History from across the centuries, Royalty from the 21st

Thu 23rd November, 2017
 

Henry V’s thank you gift to London to go on display

The Crystal Sceptre given by Henry V to the City of London following the 15th century Battle of Agincourt is to go on display at the Guildhall Art Gallery, London.

It has only been seen by a few handfuls of people, as the sceptre lives in the City’s Guildhall – and only leaves its home for coronations, and to swear in a new Lord Mayor, making it a special exhibition.

The Crystal Sceptre. Christopher Pledger

The Crystal Sceptre, gifted by Henry V. Christopher Pledger

Henry V, victor at Agincourt, wanted to thank the capital for its support in the war. London contributed 10,000 marks – worth £3 million pounds in today’s money – and he gave his funders the Crown Jewels as a guarantee. The celebrations in the city were enthusiastic and befitting such a victory, and so the King had the sceptre commissioned.

Agincourt is considered one of the great military victories in English history: around 8,000 archers and men-at-arms took down a French side up to 5 x larger that itself in 1415.

Just a few hundred English soldiers were lost, compared to some 8,000 French. Since this date, Monarchs have been known as ‘King/Queen of England and France’.

The Crystal Sceptre. Christopher Pledger

The Crystal Sceptre of London. Christopher Pledger

It is thought to have been given in February 1421, making the jewelled rod almost 600-years-old. The earliest mention of the sceptre is in a painting of the coronation of Catherine of Valois, Henry V’s wife, in Westminster Abbey: the Lord Mayor of London is shown holding the sceptre by his side.

Experts say, rather ironically, the 17-inch carved rock-crystal stem was likely made in Paris, inlaid with gold. Gems imported from across the globe: red spinels came from modern Afghanistan, sapphires from Sri Lanka and pearls from the seas of the Arabian gulf were then traded in Cairo.

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The sceptre is also on display for Freeman of the City ceremonies, which take place at Guildhall (Victoria Howard)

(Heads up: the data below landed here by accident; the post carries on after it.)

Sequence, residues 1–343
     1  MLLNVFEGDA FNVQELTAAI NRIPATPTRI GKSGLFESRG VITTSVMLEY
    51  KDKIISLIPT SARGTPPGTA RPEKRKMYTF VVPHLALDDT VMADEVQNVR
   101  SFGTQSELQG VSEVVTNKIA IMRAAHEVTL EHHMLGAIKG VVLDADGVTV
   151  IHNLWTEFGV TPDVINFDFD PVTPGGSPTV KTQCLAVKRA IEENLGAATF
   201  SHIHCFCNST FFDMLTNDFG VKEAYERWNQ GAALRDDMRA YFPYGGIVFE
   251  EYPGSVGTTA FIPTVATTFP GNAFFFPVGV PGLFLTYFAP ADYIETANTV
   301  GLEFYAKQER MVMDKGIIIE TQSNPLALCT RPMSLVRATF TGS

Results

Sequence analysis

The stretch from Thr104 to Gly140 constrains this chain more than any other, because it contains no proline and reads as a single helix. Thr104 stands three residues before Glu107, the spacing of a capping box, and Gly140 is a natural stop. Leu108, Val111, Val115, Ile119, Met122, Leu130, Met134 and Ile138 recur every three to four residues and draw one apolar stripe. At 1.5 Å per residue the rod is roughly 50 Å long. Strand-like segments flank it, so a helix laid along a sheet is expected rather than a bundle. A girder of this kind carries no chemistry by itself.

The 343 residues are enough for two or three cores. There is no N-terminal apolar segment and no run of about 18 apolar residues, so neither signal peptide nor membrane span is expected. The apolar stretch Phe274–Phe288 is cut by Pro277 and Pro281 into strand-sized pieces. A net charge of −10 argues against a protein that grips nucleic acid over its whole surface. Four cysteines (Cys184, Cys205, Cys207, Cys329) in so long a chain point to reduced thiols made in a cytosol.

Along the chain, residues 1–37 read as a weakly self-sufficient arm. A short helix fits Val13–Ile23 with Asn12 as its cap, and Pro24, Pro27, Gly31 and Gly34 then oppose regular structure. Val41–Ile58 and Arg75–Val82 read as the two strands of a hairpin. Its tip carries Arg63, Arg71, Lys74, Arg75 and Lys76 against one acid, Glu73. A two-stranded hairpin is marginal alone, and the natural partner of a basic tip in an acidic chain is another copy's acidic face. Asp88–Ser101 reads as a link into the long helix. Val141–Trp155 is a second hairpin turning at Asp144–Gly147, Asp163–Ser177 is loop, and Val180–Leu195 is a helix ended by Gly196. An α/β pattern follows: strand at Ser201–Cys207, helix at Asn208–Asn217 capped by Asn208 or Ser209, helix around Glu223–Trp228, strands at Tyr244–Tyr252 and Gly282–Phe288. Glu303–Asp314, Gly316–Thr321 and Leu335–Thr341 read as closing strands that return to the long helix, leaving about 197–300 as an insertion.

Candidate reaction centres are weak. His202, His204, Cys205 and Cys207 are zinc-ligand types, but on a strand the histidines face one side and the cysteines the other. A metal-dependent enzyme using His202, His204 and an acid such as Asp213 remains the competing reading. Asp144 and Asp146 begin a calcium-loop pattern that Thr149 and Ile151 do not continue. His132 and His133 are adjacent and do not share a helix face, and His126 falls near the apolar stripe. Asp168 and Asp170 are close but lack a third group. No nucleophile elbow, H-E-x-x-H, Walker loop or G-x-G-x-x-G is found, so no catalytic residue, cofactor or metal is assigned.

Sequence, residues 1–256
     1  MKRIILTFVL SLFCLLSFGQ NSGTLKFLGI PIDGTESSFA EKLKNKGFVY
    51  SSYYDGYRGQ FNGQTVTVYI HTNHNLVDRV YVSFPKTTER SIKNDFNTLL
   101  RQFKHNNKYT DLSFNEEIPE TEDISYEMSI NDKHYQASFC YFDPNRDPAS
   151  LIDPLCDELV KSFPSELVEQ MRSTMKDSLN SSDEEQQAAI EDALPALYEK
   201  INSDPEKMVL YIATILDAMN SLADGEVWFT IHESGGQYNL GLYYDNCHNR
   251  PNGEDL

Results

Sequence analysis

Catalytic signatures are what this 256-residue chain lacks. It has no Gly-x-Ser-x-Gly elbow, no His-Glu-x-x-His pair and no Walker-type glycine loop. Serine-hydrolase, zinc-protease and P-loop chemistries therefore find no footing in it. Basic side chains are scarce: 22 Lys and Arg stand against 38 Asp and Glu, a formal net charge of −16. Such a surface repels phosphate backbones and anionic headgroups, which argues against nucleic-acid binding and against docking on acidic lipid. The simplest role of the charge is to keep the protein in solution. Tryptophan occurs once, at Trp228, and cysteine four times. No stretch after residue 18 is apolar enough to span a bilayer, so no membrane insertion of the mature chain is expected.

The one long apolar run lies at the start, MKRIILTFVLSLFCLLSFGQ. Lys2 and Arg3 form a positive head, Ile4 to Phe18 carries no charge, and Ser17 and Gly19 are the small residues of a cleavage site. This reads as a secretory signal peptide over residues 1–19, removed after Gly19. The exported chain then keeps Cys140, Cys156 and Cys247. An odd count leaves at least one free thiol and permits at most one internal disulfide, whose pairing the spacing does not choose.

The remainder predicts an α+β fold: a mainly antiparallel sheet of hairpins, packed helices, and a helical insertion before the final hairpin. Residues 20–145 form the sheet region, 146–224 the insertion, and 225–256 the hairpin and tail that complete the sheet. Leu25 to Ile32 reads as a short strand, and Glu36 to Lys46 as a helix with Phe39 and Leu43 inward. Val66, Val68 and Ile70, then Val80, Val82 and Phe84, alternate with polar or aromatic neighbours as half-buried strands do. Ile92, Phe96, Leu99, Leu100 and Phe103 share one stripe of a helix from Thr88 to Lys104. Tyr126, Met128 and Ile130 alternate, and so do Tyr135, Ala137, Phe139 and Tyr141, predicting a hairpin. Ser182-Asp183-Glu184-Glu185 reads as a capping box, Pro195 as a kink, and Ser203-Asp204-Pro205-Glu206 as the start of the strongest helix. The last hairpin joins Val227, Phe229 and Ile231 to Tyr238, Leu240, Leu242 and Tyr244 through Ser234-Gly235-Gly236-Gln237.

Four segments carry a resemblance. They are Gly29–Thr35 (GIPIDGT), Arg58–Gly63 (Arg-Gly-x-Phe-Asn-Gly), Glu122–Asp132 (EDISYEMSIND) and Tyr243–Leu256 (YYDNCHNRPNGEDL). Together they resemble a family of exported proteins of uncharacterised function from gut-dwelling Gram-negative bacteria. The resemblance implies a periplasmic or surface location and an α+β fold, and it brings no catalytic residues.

The story of the Crystal Sceptre was only uncovered when Dr Michael Hall, an art historian, began researching the art of Mansion House, the residence of the Lord Mayor, with Dr Clare Taylor, Lady Gifford, the wife of the former Lord Mayor, Sir Roger Gifford.

Dr Hall said: “As an object it is remarkable in many ways. It was given in recognition of London’s assistance to the King at one of the turning points in English history and the fact that it has survived intact all these years is truly amazing.”

The sceptre was nearly sold off down during Oliver Cromwell’s Interregnum, like the Crown Jewels were, though it appears the authorities hid it. In the Great Fire of London, 1666, the Lord Mayor, Sir Thomas Bloodworth, prized his possessions over keeping his city safe: he sent his things, including the Crystal Sceptre, out of the inferno.

Henry V gave the sceptre as a gift to London

Henry V gave the sceptre as a gift to London

The exhibition, entitled’ Unveiling the crystal Sceptre: Henry v’s Gift to the City’, will begin on 24th October the day before St Crispin’s Day, when, almost six centuries ago, 9,000 English soldiers engaged as many as 36,000 French at Agincourt.

Also on display will be a silver gilded iron mace used in the battle, presented by Henry V to the village of Hedon, on the Humber.

Katty Pearce, curator at the Guildhall Gallery, said: “This is a unique opportunity to get a close look at something with such a rich heritage that has rarely been seen before.”

She added: “Because of the 600th anniversary of the battle there is a heightened awareness of the importance of Agincourt at the moment, and the story of Henry V is part of our national consciousness. This is a beautiful object that connects us to that national story.”

Entrance to the exhibition is free, and it runs until 3rd December.

Written by

<p>Victoria has a passion for British history and Constitutional Monarchy, hence her reasons for founding The Crown Chronicles. Her specialism is the Early Modern era, with particular emphasis on the Tudor and Stuart dynasties. She is also a keen reader (usually something historical), baker and shopper. Her motto is to have a full bookcase, but a fuller wardrobe. </p> <p>Miss Howard also works closely with the British Monarchist Foundation as their Press Secretary and Spokesman.</p>

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